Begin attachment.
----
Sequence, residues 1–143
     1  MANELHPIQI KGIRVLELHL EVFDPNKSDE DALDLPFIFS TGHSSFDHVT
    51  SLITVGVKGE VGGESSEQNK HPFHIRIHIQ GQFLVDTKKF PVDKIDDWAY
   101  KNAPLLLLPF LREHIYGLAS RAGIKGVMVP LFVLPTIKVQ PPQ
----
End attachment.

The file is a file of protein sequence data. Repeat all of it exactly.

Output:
Sequence, residues 1–143
     1  MANELHPIQI KGIRVLELHL EVFDPNKSDE DALDLPFIFS TGHSSFDHVT
    51  SLITVGVKGE VGGESSEQNK HPFHIRIHIQ GQFLVDTKKF PVDKIDDWAY
   101  KNAPLLLLPF LREHIYGLAS RAGIKGVMVP LFVLPTIKVQ PPQ